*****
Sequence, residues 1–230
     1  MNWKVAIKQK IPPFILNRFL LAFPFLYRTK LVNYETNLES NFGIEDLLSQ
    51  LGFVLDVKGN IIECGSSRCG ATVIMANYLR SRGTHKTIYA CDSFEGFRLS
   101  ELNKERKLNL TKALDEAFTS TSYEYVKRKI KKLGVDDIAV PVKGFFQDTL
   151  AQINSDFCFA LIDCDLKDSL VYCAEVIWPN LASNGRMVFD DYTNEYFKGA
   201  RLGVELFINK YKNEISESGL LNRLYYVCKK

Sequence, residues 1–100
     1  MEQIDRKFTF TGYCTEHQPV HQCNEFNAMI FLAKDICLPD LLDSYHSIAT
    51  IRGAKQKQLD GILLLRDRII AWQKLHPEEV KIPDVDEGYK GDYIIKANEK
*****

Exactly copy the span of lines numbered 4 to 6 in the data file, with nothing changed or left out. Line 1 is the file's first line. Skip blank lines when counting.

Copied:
   101  ELNKERKLNL TKALDEAFTS TSYEYVKRKI KKLGVDDIAV PVKGFFQDTL
   151  AQINSDFCFA LIDCDLKDSL VYCAEVIWPN LASNGRMVFD DYTNEYFKGA
   201  RLGVELFINK YKNEISESGL LNRLYYVCKK